It looks like we’ve just seen some of the best OLED TVs we’ve yet to see in the form of the LG C2 OLED and LG G2 OLED thanks to LG OLED Evo technology but LG Display, the company that makes the panels inside those TVs, isn’t ready to rest on its laurels.
In 2023, the display manufacturer is working hard to develop the next generation of OLED TV technology, a technology that will be brighter than previous versions through the use of Micro Lens Arrays (MLA). These microscopic lenses act as light boosters and can intensify brightness – with early estimates putting the percentage increase at 60% brighter than this year’s best OLED TVs.
LG Display calls the technology META — a relatively confusing name since there’s such a famous tech company with that name — but one that LG Display believes will perfectly represent the changes it’s making to its OLED panels.
I got a chance to see some of these META panels in a closed demo at CES 2023, and while they had some sticking points, they seemed like the future of OLED TVs is much brighter. And that, I think, is something everyone should be excited about.
Micro Lens Array: What is it and how do you make OLED better?
Since their inception, OLED TVs have had the same strengths and weaknesses. They’ve always delivered exceptional contrast, being able to produce some of the best black levels of any kind of display technology, but they can’t be as bright as an LED-LCD TV.
It is this last fact that has helped QLED TVs thrive in the past few years. They’re significantly brighter, and people who have a lot of ambient light in their living rooms need a way to compensate for that with brighter TVs.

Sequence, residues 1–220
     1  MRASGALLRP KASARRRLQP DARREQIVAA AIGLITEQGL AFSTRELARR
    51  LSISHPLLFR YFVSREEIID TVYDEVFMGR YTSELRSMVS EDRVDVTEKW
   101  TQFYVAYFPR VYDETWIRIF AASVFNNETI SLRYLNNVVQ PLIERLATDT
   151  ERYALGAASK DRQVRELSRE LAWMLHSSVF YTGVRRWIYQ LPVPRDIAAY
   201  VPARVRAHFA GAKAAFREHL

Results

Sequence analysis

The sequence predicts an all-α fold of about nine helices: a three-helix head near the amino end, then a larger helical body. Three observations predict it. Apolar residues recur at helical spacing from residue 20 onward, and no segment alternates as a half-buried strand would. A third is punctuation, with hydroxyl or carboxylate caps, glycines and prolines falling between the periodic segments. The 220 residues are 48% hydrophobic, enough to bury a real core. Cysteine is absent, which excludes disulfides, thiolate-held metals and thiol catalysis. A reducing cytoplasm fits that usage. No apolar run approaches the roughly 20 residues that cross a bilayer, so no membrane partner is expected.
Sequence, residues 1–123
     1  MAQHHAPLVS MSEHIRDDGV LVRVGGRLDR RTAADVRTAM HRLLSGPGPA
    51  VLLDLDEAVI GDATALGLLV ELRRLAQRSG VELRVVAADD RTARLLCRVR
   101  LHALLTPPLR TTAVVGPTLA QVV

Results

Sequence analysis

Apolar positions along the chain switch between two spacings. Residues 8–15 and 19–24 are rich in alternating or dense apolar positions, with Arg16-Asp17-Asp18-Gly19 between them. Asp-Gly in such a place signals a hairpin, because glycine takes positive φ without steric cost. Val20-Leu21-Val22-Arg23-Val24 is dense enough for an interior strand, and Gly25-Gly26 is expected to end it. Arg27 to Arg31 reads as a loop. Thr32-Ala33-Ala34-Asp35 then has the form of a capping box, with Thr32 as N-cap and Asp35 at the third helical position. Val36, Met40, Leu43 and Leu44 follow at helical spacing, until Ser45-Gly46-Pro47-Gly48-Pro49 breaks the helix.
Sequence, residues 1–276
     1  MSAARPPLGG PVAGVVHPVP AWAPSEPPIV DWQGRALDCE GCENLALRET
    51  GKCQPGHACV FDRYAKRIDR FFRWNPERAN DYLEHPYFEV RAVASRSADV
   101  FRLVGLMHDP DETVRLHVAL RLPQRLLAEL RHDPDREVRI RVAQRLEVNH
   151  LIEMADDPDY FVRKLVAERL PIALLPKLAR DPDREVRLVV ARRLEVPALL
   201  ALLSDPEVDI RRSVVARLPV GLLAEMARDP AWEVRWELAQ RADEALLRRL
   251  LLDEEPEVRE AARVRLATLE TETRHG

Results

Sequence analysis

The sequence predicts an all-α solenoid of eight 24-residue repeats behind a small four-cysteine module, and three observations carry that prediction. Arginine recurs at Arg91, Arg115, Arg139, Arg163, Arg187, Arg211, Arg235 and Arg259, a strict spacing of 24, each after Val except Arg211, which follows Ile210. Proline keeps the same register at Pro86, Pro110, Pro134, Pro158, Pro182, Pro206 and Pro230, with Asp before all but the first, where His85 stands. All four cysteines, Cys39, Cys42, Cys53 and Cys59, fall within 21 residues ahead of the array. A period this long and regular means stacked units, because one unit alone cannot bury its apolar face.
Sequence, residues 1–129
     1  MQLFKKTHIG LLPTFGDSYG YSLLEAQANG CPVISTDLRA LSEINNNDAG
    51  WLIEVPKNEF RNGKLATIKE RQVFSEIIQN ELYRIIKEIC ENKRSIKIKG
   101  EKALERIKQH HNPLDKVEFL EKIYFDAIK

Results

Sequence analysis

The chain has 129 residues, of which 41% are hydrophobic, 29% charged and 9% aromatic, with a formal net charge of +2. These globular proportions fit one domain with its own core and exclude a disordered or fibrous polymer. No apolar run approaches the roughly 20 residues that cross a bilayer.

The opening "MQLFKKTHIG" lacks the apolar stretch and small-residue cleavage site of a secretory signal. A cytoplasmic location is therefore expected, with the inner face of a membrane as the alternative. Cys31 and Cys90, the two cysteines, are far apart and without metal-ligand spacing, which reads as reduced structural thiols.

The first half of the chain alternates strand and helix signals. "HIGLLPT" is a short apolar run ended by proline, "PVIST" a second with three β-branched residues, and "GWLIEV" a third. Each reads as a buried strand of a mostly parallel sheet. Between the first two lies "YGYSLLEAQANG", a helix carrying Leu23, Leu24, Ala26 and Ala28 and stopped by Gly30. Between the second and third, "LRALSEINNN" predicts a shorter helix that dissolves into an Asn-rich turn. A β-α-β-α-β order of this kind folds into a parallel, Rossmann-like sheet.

The way META OLED panels work will change this paradigm.
Adding a Micro Lens Array will result in brighter pixels — and there will be a lot more of these lenses per pixel: on a 77-inch 4K TV, for example, there will be 5,117 lenses per pixel. LG expects total peak brightness to be somewhere around 2,100 nits in a 3% window, which is close to twice the brightness we saw in second-generation LG OLED Evo panels.
Helping pixels reach their optimal brightness is a new lighting algorithm that “accurately analyzes brightness information and makes adjustments in each scene so that OLEDs can accurately express peak brightness even when areas of peak brightness in an image increase.”
The META Booster algorithm works in conjunction with the new Micro Lens Array technology to create the brightest picture we’ve yet seen from an OLED panel.
So what’s the downside here?
The big downside is that LG Display won’t use META technology in all the panels it makes — in fact, only its 55-inch, 65-inch, and 77-inch 4K TVs will be produced with META technology. If you want, say, a brighter 42-inch or 48-inch OLED TV, you’re out of luck. Whatever TV you buy, the older OLED technology will be used.
Not only is this a disappointment for people who want smaller sizes, but it can make things confusing for reviewers, too. When we go to review the following OLED TVs with META technology, we’ll have to be very careful to point out that not every model in the range will have the same performance. The result is reading more subtleties when buying a TV.
Another potential downside here is cost – Micro Lens Array OLED panels will likely cost more to produce and therefore more expensive to purchase. What will likely happen, in my opinion, is that TV makers like LG Electronics and Sony will only implement third-generation OLED panels in their most expensive models. In this way, consumers will expect a higher price and will not be shocked by it.
Having seen them for a while I can attest that the META OLED panels offer a brighter picture, although it’s still not quite on par with the Samsung Neo QLED TVs I saw earlier in the day. I suspect QLED TVs will eventually still be the brighter of the two types of TV — however, now you may not have to completely ignore OLED when shopping for a space with plenty of ambient light.
Of course, LG Display isn’t the only one in the line of producing brighter, more colorful OLED panels in 2023 and will have to watch out for Samsung Display’s new QD-OLED panels that will appear in the Samsung S95C OLED. We won’t be able to do direct comparisons between the two new screens until we get the finished products in our test lab, obviously, but this is definitely the race you want to watch if you’re interested in buying a brighter and better OLED TV this year.